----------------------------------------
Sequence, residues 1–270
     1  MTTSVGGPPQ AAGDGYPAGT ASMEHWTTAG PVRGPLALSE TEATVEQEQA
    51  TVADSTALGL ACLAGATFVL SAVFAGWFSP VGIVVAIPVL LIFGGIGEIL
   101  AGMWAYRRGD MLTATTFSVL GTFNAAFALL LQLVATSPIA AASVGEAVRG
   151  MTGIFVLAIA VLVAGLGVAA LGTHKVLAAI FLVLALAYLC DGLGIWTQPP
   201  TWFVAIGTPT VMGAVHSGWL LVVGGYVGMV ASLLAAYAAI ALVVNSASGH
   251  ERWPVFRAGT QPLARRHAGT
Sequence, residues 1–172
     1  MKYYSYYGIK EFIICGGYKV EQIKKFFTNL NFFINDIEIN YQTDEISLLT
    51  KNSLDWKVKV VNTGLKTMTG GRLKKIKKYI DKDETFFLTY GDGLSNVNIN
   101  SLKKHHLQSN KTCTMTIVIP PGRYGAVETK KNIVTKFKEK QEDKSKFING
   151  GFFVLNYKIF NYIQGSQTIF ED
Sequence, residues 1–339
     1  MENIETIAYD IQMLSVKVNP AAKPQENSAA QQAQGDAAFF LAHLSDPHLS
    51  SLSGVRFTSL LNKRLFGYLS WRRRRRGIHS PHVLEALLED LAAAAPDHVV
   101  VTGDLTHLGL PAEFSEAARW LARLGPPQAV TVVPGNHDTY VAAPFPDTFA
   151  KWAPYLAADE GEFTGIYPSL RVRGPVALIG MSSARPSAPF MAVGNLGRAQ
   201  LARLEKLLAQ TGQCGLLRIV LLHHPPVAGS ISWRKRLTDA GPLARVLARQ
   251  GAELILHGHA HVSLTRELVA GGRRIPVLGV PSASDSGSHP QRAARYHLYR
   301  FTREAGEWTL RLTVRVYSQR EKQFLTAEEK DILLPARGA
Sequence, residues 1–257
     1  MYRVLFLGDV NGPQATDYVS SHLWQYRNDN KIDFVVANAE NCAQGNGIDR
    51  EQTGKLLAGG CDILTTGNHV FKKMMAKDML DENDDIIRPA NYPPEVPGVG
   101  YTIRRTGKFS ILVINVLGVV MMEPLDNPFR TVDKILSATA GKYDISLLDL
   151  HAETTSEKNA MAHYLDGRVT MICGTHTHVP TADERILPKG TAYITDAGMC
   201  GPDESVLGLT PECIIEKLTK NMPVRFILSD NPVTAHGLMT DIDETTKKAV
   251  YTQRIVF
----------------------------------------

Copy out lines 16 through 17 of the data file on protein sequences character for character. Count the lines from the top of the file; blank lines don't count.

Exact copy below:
   101  VTGDLTHLGL PAEFSEAARW LARLGPPQAV TVVPGNHDTY VAAPFPDTFA
   151  KWAPYLAADE GEFTGIYPSL RVRGPVALIG MSSARPSAPF MAVGNLGRAQ